The secret to the success of 1980s post-punk band The Alarm was its passion.
Singer Mike Peters and crew infused their songs with energy, urgency and optimism like no other band of that time – including U2 – or certainly since.
Thirty-five years after The Alarm’s commercial peak, more than 25 years after its last U.S. charting hit, The Alarm showed during a concert Tuesday at Sellersville Theatre 1894 that it hasn’t lost that spirit.
It also showed that its hits from that era hold up extremely well, and that songs from its new disc, “Equals,” released in June, stand up impressively aside the classic music.
It made for a great night of not only music, but experience, as well.
Playing the penultimate night of the current U.S. tour (the band closes in Boston tonight), The Alarm opened the show appropriately, with the 1984 hit “Blaze of Glory,” its heart-on-the sleeve lyrics and impassioned music immediately connecting with the sold-out crowd.
When Peters sang, “My hands are held up high,” the audience lifted theirs in solidarity.
As if to make the comparison immediately, The Alarm played the new “Tomorrow,” with Peters wailing vocally – impressively uninhibited for a vocalist who turns 60 in three months.
Backed by guitarist James Stevenson, drummer Steve Barnard and his wife, Jules, on keyboard, Peters played eight of the new disc’s 11 songs Tuesday, largely alternating them with classic material.
The 1985 song “Absolute Reality” was full of passion – its lyrics “you may have love/you may have hate/You may be the president of the United States” as applicable today as they were three decades ago. But the new “Coming Backwards” was just as passionate, and nearly as good.
Peters maintained that passion throughout the show. On the very good 1984 hit “The Stand (Prophecy),” he held his guitar aloft as he strummed it and blew his harmonica. And with three mics set up across the stage, he would run back and forth between them to sing.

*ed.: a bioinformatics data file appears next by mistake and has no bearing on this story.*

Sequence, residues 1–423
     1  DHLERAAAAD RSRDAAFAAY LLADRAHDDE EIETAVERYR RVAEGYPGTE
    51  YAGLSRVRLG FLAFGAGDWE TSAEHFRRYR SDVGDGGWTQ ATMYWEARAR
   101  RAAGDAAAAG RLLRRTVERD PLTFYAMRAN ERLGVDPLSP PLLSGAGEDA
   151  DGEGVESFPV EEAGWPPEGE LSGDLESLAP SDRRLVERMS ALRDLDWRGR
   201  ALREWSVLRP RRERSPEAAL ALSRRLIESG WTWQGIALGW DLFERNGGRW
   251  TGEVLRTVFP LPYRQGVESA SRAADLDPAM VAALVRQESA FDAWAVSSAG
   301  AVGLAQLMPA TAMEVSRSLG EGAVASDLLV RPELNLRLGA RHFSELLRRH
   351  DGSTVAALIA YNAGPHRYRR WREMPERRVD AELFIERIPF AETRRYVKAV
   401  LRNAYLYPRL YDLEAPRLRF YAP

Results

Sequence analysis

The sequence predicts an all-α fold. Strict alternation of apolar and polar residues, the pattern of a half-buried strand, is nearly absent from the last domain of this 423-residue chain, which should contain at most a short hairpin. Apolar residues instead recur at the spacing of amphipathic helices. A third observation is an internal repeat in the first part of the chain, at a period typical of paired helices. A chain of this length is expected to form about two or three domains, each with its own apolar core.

Many of the new songs had the same musical feel as classic The Alarm. “Peace Now” was chanty, with Peters’ harmonica. The slow, drum-acoustic guitar-piano treatment of “Transatlantic” was more tender, but still had soaring vocals. “Beautiful” was more of a flat-out rocker.
Some of the new songs even fared better than some lesser older material. “Rescue Me” from 1987 had loads of passion and some melody, but not the kind of substance you remember from The Alarm. That song was especially saved by Barnard, whose solid, powerful drumming was outstanding all night.
But the hits were uniformly strong. The drum-driven “Sold Me Down the River” was very good, and the similarly sounding “Rain in the Summertime” stretched to eight minutes with audience participation. The open-hearted enthusiasm of “Spirit of ‘76” was infectious, and the crowd zealously bought in.
The main set closed with perhaps the night’s two best. An eight-minute mini-medley of “Declaration,” “Marching On” and “Where Were You Hiding When the Storm Broke?” brought back all of the Alarm feelings and emotions.
Strangely, on “Marching On,” Peters omitted the words “He's gonna smash the window/He's gonna tear down the walls” – perhaps feeling it was out of character with his preaching about peace all night. He also changed the references to “we’re the young who stand up,” which was more understandable.
Peters also talked about playing “American Bandstand” on the group’s first visit to America, and tossed playing cards to the crowd at the last song’s line “All cards are marked/And all things will collide.”
The set closed with the 1983 hit “68 Guns,” which was as poignant as when it was first released.
The four-song encore started with Peters alone on acoustic guitar, playing “Love Hope Strength,” which leukemia survivor Peters uses as the theme for his charitable work to battle cancer, before the band — and Love Hope Strength Foundation member Brian Isley on acoustic guitar — rejoined him and tied that tight to a cover of the underappreciated Willie Nile gem “One Guitar” and the new “Neutral.”
And on the title track from The Alarm’s 1985 sophomore disc “Strength” was powerfully emotional, showing that Peters still has all the passion that U2’s Bono lost a long time ago.
The show closed with the new song “Two Rivers,” which also was among the night’s best, and showed more of that passion that has kept The Alarm great. And if it wasn’t clear enough, Peters drove home the point by reprising snippets of “68 Guns,” “The Stand,” “Blaze of Glory” and “Declaration.”